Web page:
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Why Tommy Robinson was released – and why he might end up back in jail

The former English Defence League leader has been granted conditional bail pending new proceedings at the Old Bailey.

Tommy Robinson is facing a new hearing over an allegation he committed contempt of court.

Three leading judges in London quashed a finding made against the former English Defence League leader at Leeds Crown Court in May, and granted Robinson conditional bail from a 13-month jail sentence pending new proceedings at the Old Bailey.

Here are some key questions over the case:

Why was Tommy Robinson jailed?

Robinson was jailed after a judge at Leeds Crown Court found him in contempt of court in May.

The judge determined that Robinson’s broadcasting of a video online breached a court order which postponed any reporting of a trial until the conclusion of another, linked, trial.

He was jailed within five hours of the video being filmed and posted online.

He was previously given a suspended sentence for contempt at Canterbury Crown Court, when a judge told him it was likely he would go to prison if he engaged in similar conduct in future.

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Demonstrators against Tommy Robinson outside the court (John Stilwell/PA)

Why has he been released?

Robinson has been freed on bail pending a rehearing of the allegation relating to Leeds Crown Court after the finding of contempt was quashed by Court of Appeal judges.

The Lord Chief Justice, Lord Burnett, said the judge at Leeds Crown Court was wrong to deal with Robinson as quickly as he did.

He said it was “inappropriate” for the judge to rule on the issue after Robinson took immediate steps to remove the video from the internet and said the case should have been adjourned.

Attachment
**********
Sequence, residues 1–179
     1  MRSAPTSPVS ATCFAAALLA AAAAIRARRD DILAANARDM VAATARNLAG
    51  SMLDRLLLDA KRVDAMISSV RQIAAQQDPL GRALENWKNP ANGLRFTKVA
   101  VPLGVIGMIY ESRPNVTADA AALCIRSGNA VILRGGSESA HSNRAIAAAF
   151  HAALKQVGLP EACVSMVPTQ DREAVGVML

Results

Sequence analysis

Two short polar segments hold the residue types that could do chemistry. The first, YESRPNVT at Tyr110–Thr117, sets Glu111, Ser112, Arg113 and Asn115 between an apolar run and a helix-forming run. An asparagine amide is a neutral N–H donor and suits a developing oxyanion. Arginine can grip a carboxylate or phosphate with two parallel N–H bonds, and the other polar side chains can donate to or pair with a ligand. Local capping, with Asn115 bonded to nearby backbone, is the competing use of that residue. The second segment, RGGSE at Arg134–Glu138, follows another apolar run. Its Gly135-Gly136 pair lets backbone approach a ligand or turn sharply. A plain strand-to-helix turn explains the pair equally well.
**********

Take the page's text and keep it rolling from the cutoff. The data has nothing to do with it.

He also said it was “unclear” exactly which aspects of Robinson’s conduct had breached the court order and that the “haste” with which the case was dealt with meant his lawyers weren’t given enough time to prepare his mitigation.

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Supporters of Tommy Robinson outside the Royal Courts of Justice (John Stilwell/PA)

What is contempt of court?

Contempt of court law exists to ensure the fairness and integrity of criminal trials.

Where a judge believes there is a “substantial risk of serious prejudice” to a defendant, an order may be made under the Contempt of Court Act which postpones the reporting of a trial until its conclusion.

When making such an order, a judge has to balance the interests of justice in a fair trial taking place with other interests – including free speech and open justice.

In most cases where someone is alleged to be in contempt of court, the matter will be referred to the Attorney General.

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Robinson’s supporters and Stand Up To Racism demonstrators were kept separated by police outside the court (John Stilwell/PA)

What will happen next?

Robinson will face a fresh hearing on the alleged contempt of court.

Lord Burnett directed that the case is to be heard by a different judge, at the Old Bailey in London.

He also invited the Attorney General Geoffrey Cox to appoint a lawyer to appear at the hearing and present the case to the judge.

No date was given for the hearing, which will take place before the Recorder of London, Nicholas Hilliard QC.

If found in contempt Robinson may be sent back to prison.

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